So it seems that a lot of younger dancers enter the dance world with a vision- being on stage, teaching this or that workshop, etc. While it’s good to have goals, it’s not good to take shortcuts to them, just because it seems doable. Or worse, diluting your passion in any way because your drive for the end goal overpowers your love of dance.
It’s like going to Disneyland JUST for that Sleeping Beauty Castle picture, instead of enjoying your time there and realizing you should commemorate it with a photo. It’s like doing your hair and makeup JUST for a selfie sesh, instead of catching your sexy self in the mirror and breaking out your phone. Nothing wrong with that, but there’s something more.. real about not planning your successes top-down.
And it’s a relatively new thing, this whole “dance celebrities” “goal.” But as glorified as they seem, those who are “big names” in the community trained and worked and have experienced their share of doubt and rejection, to get to where they are.
And a lot of older dancers (like Beau) started dancing when YouTube wasn’t the thing, dance was the thing. And recording classes or posting 15 seconds, all of it was yet to be introduced. So they focused on dance itself. I personally have endless respect low-key older dancers. And I also admire those who are adapting to the current trends and creating with a lot of thought and heart. To make these videos means that you’re building something that’s sustainable, something that, regardless of the number of views, makes a statement about your work. Work that, you know, was work.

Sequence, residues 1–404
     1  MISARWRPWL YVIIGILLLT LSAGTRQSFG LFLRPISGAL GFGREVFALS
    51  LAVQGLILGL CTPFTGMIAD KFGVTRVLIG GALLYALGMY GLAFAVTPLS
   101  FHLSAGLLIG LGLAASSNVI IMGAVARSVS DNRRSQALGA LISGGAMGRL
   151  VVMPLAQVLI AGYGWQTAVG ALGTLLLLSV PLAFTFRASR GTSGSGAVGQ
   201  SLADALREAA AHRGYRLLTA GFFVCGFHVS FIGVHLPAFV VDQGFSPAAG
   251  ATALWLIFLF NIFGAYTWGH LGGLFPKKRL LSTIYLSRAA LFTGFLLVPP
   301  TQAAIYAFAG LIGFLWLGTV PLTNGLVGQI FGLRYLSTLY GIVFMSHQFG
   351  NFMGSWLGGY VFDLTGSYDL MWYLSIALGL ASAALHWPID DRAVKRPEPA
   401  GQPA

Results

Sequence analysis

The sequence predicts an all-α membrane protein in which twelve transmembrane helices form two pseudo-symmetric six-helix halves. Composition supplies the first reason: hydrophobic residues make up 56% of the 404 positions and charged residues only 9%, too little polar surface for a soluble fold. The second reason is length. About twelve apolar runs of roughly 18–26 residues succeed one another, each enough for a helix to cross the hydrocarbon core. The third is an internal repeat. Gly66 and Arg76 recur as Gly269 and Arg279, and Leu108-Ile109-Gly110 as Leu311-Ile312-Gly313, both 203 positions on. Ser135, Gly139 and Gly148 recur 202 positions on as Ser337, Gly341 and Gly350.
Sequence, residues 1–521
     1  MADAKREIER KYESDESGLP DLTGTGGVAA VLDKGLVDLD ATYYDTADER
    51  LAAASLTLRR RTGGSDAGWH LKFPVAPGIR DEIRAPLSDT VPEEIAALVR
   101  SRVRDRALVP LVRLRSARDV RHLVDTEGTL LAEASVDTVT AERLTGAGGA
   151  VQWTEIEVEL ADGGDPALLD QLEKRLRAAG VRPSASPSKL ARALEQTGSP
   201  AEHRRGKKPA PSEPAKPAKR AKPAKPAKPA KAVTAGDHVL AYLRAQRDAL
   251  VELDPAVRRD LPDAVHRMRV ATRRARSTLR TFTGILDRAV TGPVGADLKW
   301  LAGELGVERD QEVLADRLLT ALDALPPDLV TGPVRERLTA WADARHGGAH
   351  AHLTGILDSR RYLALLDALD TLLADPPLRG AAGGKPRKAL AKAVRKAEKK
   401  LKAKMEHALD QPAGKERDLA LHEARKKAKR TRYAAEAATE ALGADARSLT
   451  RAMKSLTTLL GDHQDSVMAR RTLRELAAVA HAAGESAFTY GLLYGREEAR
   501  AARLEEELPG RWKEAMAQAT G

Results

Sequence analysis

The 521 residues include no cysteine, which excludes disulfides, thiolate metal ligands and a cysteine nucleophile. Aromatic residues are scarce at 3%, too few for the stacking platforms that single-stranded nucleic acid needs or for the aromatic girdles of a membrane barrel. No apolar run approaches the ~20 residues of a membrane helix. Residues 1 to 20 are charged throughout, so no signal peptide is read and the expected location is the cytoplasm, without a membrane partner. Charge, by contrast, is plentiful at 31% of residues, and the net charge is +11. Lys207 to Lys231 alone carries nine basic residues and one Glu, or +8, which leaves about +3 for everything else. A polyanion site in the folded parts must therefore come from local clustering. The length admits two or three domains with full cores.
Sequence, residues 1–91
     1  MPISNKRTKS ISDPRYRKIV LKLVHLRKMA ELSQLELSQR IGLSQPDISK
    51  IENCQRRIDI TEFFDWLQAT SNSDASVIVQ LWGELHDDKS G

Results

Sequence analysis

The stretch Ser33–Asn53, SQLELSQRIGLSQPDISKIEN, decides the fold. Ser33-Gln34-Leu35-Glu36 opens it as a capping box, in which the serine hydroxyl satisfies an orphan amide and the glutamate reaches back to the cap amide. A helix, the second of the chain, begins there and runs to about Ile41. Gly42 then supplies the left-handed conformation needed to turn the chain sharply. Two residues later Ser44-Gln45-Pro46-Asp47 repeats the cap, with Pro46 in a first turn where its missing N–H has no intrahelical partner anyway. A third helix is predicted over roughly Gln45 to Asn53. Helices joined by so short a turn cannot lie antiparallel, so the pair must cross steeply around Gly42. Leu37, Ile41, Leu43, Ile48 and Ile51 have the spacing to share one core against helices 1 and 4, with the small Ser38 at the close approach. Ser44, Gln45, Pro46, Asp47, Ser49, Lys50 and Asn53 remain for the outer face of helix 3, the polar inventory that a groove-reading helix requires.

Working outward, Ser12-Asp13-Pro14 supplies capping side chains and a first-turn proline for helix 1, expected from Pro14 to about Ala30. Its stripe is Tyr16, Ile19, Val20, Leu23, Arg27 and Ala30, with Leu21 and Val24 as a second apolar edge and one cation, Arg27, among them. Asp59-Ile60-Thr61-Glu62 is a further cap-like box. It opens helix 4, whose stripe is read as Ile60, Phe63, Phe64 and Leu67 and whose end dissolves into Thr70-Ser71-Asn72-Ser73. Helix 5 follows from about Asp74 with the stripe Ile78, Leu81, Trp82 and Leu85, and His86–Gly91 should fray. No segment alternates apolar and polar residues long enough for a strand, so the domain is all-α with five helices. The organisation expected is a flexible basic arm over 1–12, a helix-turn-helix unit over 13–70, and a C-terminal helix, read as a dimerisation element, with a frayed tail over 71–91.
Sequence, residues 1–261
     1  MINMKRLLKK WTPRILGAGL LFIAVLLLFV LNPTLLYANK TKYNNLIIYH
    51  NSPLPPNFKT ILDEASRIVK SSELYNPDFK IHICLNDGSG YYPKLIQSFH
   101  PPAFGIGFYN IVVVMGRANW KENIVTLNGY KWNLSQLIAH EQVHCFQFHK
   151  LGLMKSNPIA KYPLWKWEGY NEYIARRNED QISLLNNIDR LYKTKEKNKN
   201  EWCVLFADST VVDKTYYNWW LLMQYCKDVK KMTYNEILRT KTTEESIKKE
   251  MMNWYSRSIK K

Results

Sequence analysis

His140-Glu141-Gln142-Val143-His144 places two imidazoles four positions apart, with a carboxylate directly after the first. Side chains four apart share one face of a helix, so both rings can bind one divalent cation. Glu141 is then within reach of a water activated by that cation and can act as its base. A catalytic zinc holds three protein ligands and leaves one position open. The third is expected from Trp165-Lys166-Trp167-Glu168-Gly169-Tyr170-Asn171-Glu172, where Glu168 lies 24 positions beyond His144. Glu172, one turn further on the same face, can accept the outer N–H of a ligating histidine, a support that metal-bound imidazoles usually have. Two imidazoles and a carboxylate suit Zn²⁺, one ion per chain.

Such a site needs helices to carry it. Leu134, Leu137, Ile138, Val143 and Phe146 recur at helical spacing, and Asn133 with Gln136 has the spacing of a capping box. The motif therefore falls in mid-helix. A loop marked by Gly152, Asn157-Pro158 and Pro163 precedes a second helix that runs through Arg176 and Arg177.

What it really means is paying your dues as a dancer and choreographer, then delving into another realm of creation. With the resources we have today (YouTube, videographers, dancers who are willing), anyone can produce their choreography with a higher artistic vision in mind, but how genuine it will be relies on your trust in your craft, as well as an intention to share, not to grow your IG follower count.
Beau worked with several cinematographers and casts, including Jayvee All-Stars, old friends, crews (like Poreotics), and of course, his dancers on Maker Empire.
“I woke up one day, and decided to just. Do it. After years of dedicating myself to other things, it was time to be a little selfish and make something for myself.
It’s satisfying to have just documented my work. Like “Hey, this is me!”– From selfie solos to elaborate concept videos with fog machines and strobe lights, I created choreography and made that vision come to life– and that’s enough for me. Having an archive of my work for my family to see is really the most rewarding thing, actually. They’re so supportive and proud, but don’t get to see a lot of my material.
Others can love it, hate it, not care about it- but artists create and share, so that’s what I’m doing.
For those who do care, I would want them to be inspired to be unafraid of trying something new and unique. It’s never too late, you’re never too old, the chance to touch people is never gone. I want those who watch these videos to feel empowered to own the creative freedom that they can bestow upon themselves.
Artistically, mine, and Maker Empire’s aesthetic is very specific. It can be weird, dark, confident, quirky… And it’s all about committing to whatever direction you set. I would love to see artists stay true to their vision, and be fearless in having versatile, weird creations, and not pigeonhole themselves into a comfortable set of movements.”
Beau plans on releasing each video at 12 noon every day, starting with “Look At These Hoes” by Santigold to kick-start the project. Every video’s description will tell the story of that one’s specific vision and process.
Subscribe to his channel to see what #OperationB32U is all about!
What do you think about the recent concept video craze? Comment below and share with us!
Creating dance videos requires good intentions, but also a lot of technicalities. We answered your major questions about the process here.